Saturday, 29 December 2012


When you've not set foot in a boat for nearly 4 months and you know that you're still not 100% mended, it is with some trepidation that you eventually commit to a race. In my case, I had been putting it off for some weeks waiting for some sensible weather, but the Boxing Day pursuit was in my diary as a must-do thing so I was relieved to see that the forecast was looking good. I had also managed a 10 minute outing the Sunday before which suggested that I wouldn't be a total liability in the boat.

So off to the start-line then, with me a bit nervous and Poorly Paul having been out of Fireballs for even longer than me, but it's like riding a bike - you never really forget how to do it. We were without a watch though, as Paul doesn't believe in them and I had forgotten to bring mine.

The start-line was at about 45 degrees to the wind, as was the entire course, there having been a wind-shift of that magnitude some time since the course was set. Which was a shame, since it had been a nice reachy course and was now a nasty fetchy and runny one.

I rapidly decided that we needed to start on port tack at the pin end, which was always going to be a bit tricky what with us not having a watch and the other Fireballs being of the good-to-very-good persuasion - meaning they wouldn't be dobbering around near the committee boat and making life easy for us. The RS200 start was an excellent case-study in this, where Steve Irish had an easy get-away on port at the pin whilst the rest of the 200s were only halfway up the line on starboard - and by the time they'd tacked and got going he had a 30 second lead. Plus it appeared that Steve might be aiming at bagging the Club Championship trophy, needing only a top-four place to stitch it up (according to Poorly Paul, who takes an interest in these things). Frankly, I couldn't see us stopping him in a F2-3 on a course with no spinnaker reaches, and I was more interested in getting round without embarrassing myself.

So, 30 seconds to go, and we pushed in in-front of the rest of the fleet as they came up the line on starboard, then peeled off and gybed to make an approach on port. Pete & Serena booked themselves a place right by the pin on starboard, but got there too early and went over the line with a few seconds to go. Martyn & Richard peeled off as we had done and went for a spot further down the line, so I watched their approach and timed my own to be marginally ahead of them. Pete obligingly got out of the way to come back round the pin, the gun went, and we're off!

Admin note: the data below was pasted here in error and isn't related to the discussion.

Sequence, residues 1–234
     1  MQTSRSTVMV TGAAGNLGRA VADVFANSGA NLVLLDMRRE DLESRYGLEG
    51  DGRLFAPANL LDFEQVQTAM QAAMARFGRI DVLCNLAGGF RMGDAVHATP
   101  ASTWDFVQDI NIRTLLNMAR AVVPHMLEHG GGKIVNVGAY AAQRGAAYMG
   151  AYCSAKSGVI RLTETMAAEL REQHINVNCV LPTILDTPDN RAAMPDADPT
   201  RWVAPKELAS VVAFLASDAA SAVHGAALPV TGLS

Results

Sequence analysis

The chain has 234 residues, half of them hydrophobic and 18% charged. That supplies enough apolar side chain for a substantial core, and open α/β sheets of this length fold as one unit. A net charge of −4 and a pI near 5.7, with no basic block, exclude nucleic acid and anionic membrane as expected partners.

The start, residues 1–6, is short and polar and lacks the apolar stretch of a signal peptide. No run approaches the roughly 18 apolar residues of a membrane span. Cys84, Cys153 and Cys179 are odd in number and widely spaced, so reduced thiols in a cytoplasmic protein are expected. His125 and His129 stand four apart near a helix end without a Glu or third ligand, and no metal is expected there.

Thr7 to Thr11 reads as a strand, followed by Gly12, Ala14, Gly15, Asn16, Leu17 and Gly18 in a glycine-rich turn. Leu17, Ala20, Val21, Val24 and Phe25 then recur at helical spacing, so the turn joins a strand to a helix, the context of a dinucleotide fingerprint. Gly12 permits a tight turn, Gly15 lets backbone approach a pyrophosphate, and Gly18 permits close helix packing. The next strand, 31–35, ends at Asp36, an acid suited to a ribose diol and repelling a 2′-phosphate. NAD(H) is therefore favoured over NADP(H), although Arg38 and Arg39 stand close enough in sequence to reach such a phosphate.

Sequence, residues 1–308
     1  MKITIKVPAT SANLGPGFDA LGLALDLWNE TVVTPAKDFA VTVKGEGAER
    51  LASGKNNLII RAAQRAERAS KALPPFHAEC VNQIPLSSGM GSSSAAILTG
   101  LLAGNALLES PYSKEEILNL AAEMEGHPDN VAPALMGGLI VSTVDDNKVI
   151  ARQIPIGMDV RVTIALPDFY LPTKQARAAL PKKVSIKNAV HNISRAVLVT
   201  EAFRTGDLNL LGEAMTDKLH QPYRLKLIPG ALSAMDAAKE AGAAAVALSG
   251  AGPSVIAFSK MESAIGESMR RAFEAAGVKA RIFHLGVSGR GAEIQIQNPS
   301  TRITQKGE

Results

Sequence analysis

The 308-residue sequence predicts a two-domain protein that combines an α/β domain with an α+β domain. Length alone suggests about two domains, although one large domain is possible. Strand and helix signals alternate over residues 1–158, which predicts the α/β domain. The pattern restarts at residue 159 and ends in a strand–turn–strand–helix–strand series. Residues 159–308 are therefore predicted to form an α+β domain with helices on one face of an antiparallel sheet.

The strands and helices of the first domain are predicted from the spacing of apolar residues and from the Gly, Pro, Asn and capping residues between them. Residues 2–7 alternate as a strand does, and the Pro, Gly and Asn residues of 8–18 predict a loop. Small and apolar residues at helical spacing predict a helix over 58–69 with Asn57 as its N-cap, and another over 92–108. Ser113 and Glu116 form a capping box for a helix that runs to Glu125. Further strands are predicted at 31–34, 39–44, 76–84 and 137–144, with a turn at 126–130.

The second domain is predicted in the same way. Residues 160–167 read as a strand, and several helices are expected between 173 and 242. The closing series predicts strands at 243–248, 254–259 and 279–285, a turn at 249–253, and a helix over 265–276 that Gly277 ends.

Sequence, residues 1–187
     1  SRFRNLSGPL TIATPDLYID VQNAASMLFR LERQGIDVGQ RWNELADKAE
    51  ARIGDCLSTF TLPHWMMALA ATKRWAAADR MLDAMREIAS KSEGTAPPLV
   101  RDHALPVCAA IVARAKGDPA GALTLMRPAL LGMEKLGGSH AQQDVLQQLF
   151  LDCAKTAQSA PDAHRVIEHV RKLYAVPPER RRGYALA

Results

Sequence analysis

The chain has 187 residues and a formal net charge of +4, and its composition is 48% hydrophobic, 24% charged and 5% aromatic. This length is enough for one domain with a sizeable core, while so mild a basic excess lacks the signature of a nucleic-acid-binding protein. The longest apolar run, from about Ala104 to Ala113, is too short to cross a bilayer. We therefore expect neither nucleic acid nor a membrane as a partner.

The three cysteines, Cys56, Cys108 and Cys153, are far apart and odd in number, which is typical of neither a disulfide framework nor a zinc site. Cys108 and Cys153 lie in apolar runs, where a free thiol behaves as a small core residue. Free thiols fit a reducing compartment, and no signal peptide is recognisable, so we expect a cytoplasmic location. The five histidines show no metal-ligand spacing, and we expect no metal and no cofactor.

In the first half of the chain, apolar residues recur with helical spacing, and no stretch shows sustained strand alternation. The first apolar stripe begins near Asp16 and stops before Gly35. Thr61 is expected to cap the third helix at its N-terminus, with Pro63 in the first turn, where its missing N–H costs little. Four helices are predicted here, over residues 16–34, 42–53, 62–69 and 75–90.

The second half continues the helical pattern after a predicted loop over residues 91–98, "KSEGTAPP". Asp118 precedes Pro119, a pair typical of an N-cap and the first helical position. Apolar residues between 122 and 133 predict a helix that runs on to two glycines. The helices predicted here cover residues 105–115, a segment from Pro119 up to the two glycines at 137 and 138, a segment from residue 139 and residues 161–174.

Normally I don't care too much about the start, but when you can lay the first mark without tacking it's important to be at the pin end and going fast. Further downwind Martyn & Richard, sailing the boat they campaigned into 7th place at the last Fireball Worlds, were going like a train, but (remarkably) we were just as quick and had our nose ahead of them. Pete & Serena were behind us, pointing higher, but in a drag race to the mark they were stuffed already. And so it came to pass that we arrived as first Fireball at B with Martyn & Richard breathing down our necks, tacked around it and started on the next leg to M which was another fetch. Nothing much changed there, then a dead run to D which we spent trying to keep Martyn's mammoth kite from taking all our wind. Then a seriously biassed beat to OL, where we caught up with Chris in the RS300, and another run down to F. We went left on this where Martyn went right, but we did OK out of it. Halfway along this leg the RS300 challenge expired in a graceful windward capsize - they are buggers to keep upright on a run. Then round F and into a gaggle of other boats for a proper beat to Y. The wind picked up to the point where my wrist started to feel a bit overworked by the mainsheet, but fortunately there was a significant port tack bias to this beat, so the wrist spent most of its time steering. At Y it transpired that I had forgotten the course, and tried to sail straight to T instead of going via E like everybody else. So Martyn & Richard promptly zoomed off, and by the time we'd got sorted out we ended the leg alongside the same slow boats we'd started it with - ie it hadn't gone well. And to make it worse, the wind had dropped again, so no planing offwind for us.

The leg to T was another fetch, as was the leg to B where we got past a Fred to windward and a Solo to leeward. Then M where we caught up with Steve Irish in the RS200, although he got away a bit on the way to D. We pulled back a bit on the leg to OL, and again went left en-route to F, overtaking Ally in the Miracle. Steve went right-ish, and we were level pegging as the rescue boats started massing around the leaders. A couple of 49ers had appeared behind us and we figured we'd lose out to at least one of them in the closing minutes of the race, so we gybed and just aimed the boat straight at F. Steve meanwhile went off towards H, possibly in an attempt to fend off the lead 49er, and when the rescue boats arrived it was 49er, us and Steve in quick succession. Further down the leg the winner was a Tera followed by Martyn, another Tera (I think) and a Solo.

So no glassware for us this time, which was OK as I had to zoom off for the family lunch at 2pm anyway. However I was very happy with the wrist's performance, and pretty cheerful about my own.

2013 could be a good year for sailing.

Bring it on.